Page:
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I think you're reading far too much into it, they don't corrct posture to 100% perfect, they just help you to straighten at the hips whislt walking, one of the biggest posture problems and the first part most physio's look at. They also make you less quad dominant if you walk in them correctly, when you straighten up it changes the stride slightly so you don't stride out as far but your trailing leg pushes you further.

I just find that coupling them with BOSU Balls is unfair and creates a bias to them! BOSU Balls have dramatic movement in their unstable surface, MBT's have a soft heel that creates small imbalances. It also provides a better landing suface that stops jarring, I can walk down hill at full pace again which I've not done in about 10 years.

Also, are you telling me that we are born in shoes? That roads were here before people? So why would walking barefoot in soft surfaces be unnatural? If you wear MBT's then you do get the benefit of walking around in a sand like substance all day!

I'm not going to try to convince you anymore, you obviously have good reason for disagreeing and up until this point I've been pretty rude in my defence of them I know, I apologise for the rudeness, but I did feel that I was sharing something that had helped me only to have it torn down and disbelieved immediately. It's a bit of a bummer when you've had success with something but someone else's opinion of it is in disagreement straight away. I just hope that other's have the chance to at least go to a store and put some on before they automatically damn them becasue someone with a better reputation for assistance than myself put them down on here!

Again I apologise for the way in which I defended them, hope it doesn't taint further discusisons in which we take part!

John


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PostPosted: Mon Sep 22, 2008 4:33 am 
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jeffrerr wrote:
I think you're reading far too much into it


Hey, that wouldn't be unlike me :smile:

jeffrerr wrote:
They also make you less quad dominant if you walk in them correctly, when you straighten up it changes the stride slightly so you don't stride out as far but your trailing leg pushes you further.


This confuses me. Natural stride length is one of many indicators of someones imbalances. A short stride length indicates a lack of hip extension during walking.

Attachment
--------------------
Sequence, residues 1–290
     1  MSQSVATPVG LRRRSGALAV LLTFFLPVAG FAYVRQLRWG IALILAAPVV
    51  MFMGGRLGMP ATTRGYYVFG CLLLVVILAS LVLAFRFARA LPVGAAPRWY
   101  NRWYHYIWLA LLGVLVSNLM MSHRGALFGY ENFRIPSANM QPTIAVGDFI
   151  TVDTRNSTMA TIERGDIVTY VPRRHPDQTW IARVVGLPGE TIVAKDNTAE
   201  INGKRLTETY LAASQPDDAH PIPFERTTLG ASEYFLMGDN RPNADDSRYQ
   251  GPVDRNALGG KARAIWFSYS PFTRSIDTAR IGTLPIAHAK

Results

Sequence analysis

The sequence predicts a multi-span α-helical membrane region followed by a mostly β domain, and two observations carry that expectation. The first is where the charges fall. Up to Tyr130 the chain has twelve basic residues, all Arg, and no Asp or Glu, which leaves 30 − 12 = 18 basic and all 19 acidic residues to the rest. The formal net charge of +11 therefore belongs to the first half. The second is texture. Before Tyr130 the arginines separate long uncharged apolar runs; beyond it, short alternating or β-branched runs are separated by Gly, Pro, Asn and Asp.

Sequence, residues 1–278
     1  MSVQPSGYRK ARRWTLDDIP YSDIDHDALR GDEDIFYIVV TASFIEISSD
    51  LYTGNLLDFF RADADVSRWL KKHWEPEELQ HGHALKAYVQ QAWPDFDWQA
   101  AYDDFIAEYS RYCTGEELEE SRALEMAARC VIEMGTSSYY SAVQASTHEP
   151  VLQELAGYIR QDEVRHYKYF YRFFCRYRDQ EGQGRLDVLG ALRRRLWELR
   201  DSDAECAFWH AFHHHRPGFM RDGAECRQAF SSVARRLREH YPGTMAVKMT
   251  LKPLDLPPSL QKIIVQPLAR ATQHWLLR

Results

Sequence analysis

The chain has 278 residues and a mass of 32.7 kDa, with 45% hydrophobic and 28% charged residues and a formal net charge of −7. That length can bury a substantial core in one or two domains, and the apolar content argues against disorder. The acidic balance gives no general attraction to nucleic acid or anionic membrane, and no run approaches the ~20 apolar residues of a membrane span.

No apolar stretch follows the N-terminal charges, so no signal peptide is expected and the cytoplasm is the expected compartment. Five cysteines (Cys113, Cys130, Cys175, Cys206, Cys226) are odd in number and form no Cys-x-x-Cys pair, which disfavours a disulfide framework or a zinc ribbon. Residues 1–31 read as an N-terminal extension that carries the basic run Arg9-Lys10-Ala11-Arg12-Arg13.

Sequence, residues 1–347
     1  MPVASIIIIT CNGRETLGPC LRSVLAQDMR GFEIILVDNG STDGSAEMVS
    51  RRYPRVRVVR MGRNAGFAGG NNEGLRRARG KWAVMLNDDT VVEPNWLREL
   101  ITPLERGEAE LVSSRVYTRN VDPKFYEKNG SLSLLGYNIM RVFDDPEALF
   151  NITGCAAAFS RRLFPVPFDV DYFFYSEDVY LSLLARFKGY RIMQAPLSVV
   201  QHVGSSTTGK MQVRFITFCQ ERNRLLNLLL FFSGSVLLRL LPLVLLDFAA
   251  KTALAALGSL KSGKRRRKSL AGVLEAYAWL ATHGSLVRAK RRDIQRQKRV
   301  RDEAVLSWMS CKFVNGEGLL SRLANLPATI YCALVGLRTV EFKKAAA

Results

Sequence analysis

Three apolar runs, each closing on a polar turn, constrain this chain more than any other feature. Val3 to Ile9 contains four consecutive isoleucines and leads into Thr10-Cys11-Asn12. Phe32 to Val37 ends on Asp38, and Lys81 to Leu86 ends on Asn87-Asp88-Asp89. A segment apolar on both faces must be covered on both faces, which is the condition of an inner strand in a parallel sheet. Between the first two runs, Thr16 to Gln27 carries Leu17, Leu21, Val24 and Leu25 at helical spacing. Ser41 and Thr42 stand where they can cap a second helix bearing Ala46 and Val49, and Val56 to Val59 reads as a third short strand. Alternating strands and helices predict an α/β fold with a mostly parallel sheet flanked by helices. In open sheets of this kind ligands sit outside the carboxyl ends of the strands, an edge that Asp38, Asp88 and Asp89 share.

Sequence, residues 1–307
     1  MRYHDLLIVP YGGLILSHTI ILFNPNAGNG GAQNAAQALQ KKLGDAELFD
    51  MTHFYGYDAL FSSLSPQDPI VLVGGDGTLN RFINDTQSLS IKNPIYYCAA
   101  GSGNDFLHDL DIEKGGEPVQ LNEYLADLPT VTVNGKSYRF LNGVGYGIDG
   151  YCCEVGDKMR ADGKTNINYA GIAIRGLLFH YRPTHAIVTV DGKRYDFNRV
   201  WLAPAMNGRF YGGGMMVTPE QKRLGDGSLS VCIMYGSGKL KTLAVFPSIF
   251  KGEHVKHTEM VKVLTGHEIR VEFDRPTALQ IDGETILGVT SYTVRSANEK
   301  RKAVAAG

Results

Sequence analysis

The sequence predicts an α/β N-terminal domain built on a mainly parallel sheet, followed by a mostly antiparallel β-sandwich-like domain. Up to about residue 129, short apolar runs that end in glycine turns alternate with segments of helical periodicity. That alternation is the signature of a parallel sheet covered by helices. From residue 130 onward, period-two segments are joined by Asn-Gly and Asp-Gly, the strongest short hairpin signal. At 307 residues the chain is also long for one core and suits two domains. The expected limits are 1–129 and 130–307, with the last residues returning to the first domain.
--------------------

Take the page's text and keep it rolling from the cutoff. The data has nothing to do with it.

But that's just an 'indication'.

jeffrerr wrote:
I just find that coupling them with BOSU Balls is unfair and creates a bias to them! BOSU Balls have dramatic movement in their unstable surface, MBT's have a soft heel that creates small imbalances. It also provides a better landing suface that stops jarring, I can walk down hill at full pace again which I've not done in about 10 years.


It's because of the shape of the sole that I compare them to other unstable surface tools. If the soles are soft then it would make more sense in that context.

The soft heel makes sense for someone that does a lot of walking.

jeffrerr wrote:
Also, are you telling me that we are born in shoes?


Erm, no. Which is exactly why I don't like MBT's. I like shoes that are light, flexible, and enhance your contact with the ground, like Frees. But if you do a lot of walking, shoes like Frees will just fall apart - you DO need something with a little more protection.

jeffrerr wrote:
That roads were here before people?


Well, roads were here before I was.

jeffrerr wrote:
So why would walking barefoot in soft surfaces be unnatural?


Because most places have solid ground now?

jeffrerr wrote:
If you wear MBT's then you do get the benefit of walking around in a sand like substance all day!


That's great. If that's what you want.

jeffrerr wrote:
It's a bit of a bummer when you've had success with something but someone else's opinion of it is in disagreement straight away. I just hope that other's have the chance to at least go to a store and put some on before they automatically damn them becasue someone with a better reputation for assistance than myself put them down on here!